File this one under "Yes, this is real."
A Victoria, B.C. naturopath is facing a storm of online criticism after she posted an article claiming she treated a four-year-old boy's aggression and behavioural problems with a remedy made from rabid dog saliva. Dr. Anke Zimmermann, who has been in practice for 26 years, posted in February that it was a "very interesting case."
"Why are some kids so aggressive? Maybe they were bitten by a dog! This four-year-old boy with sleep and behavioural problems, including aggression and violence towards school mates as well as hiding under tables and growling, improved dramatically with a remedy made from a rabid dog's saliva," Zimmermann wrote in a Facebook post that linked to an article about the case.
In her article, Zimmermann concludes that the boy was "obviously in a dog state."
Growling, werewolves, and red meat
Zimmermann wrote on her website that when she first met the boy, Jonah, he had issues falling asleep, partly because he was afraid of werewolves. He was also afraid of a wolf puppet Zimmermann had in her office, she noted.
At school, Jonah would "hide under tables and growl at people," Zimmermann wrote.
"At this point I asked his mother if Jonah had ever been bitten by a dog. Indeed, the answer was yes, he was bitten when he was two years old by a dog on a beach. The dog bit his hand because he wanted the food Jonah had. The bite broke the skin," she wrote.
Zimmermann also noted that Jonah "breathes in a loud way," and in a history taken from his mother, noted that "he likes meat, especially hamburgers, hot dogs, red meat and meatballs." Jonah's mother also told her that the boy doesn't like to be cuddled, but "will come up to me and sniff me, nuzzle me and lick me like a dog," Zimmermann wrote.
Very interesting case from my practice: Why are some kids so aggressive? Maybe they were bitten by a dog. This... https://t.co/lxECfpmLWZ— Dr. Anke Zimmermann (@drzimmermann) February 17, 2018
"Jonah was obviously in a dog state, slightly rabies-flavoured dog state to be more precise," Zimmermann concluded.
"I decided to give a homeopathic remedy made from rabies. The dog who bit him may have recently been vaccinated with the rabies vaccine or the dog bite in and of itself may have affected the boy with the rabies miasm. Either is possible and the phenomenon is welll-known in homeopathy."
She administered the boy "Lyssinum 200CH, 2 pellets," she wrote. He was treated again three weeks later, and again a few months after that. Jonah improved significantly after his treatment, and was no longer hiding under tables or afraid of werewolves, was sleeping better, and hardly growled at all, Zimmermann wrote.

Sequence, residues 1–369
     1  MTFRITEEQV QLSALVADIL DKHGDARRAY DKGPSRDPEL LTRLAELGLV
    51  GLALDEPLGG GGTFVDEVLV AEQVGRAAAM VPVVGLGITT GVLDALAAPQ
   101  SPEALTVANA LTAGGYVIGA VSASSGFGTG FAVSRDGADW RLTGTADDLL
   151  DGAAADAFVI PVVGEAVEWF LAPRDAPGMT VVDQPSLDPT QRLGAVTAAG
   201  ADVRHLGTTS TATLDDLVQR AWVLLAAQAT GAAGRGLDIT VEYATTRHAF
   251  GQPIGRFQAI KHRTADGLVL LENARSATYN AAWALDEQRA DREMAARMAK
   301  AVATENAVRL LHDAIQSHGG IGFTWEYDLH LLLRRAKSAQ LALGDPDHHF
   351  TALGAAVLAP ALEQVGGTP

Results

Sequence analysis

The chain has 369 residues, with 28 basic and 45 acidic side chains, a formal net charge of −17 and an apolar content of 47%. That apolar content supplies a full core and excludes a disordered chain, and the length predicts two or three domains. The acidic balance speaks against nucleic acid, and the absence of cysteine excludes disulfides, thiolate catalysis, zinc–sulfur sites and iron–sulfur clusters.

"The way I see it, he is coming back into a more human state from a slightly rabid dog state."
Reaction has been ... critical
The online reaction to Zimmermann's post has ranged from anger to wondering how this could even be real.
May God help us all. What's next, injecting with tuberculosis for anorexia, leprosy for eczema?— Andrej Spec, MD, MSCI (@DocFungal) April 12, 2018
What living parent would allow this. What nonsense.— catfish as in catfish hunter (@catfish8888) April 12, 2018
"How is this even real? What sane adult thinks that werewolves and vampires exist? How does one obtain the saliva from a rabid dog?" one person wrote in the comments on Zimmerman's article.
"How does someone bitten by said rabid dog not get rabies? You do know that rabies is mostly not going to end well for either dog nor human? One doesn't simply get over rabies. What utter drivel."
In a position statement on homeopathy in the pediatric population, the Canadian Paediatric Society notes some concerns, including a lack of evidence on the efficacy of treatments, the possibility that adverse reactions could be under-reported, and a "reluctance on the part of those who practice homeopathy to support vaccinations."
"As well, delays in seeking conventional medical therapies while waiting for results from homeopathic treatments may jeopardize the child's health," the society noted.
Rabid dog saliva is a legit homeopathic medication
Despite the criticism she faced, Zimmermann and her treatment are both legit, according to the College of Naturopathic Physicians of British Columbia.
"Dr. Anke Zimmermann is licensed to practise naturopathic medicine in B.C.," Phillipa Stanaway, Deputy Registrar, College of Naturopathic Physicians of British Columbia, told HuffPost Canada in an email.
"Lyssinum is not excluded from the pharmacopoeia for naturopathic doctors in B.C. Homeopathy, which includes the use of substances such as lyssinum, is a traditional modality with a long history in the naturopathic scope of practice; it is still used by some naturopathic doctors today."
Lyssin, lyssinum, or hydrophobinum, is "saliva of a rabid dog," according to Health Canada. It is in a list of homeopathic medicines "found in accepted homeopathic pharmacopoeia and covered by the Regulations," Health Canada says on their website.
Also on HuffPost: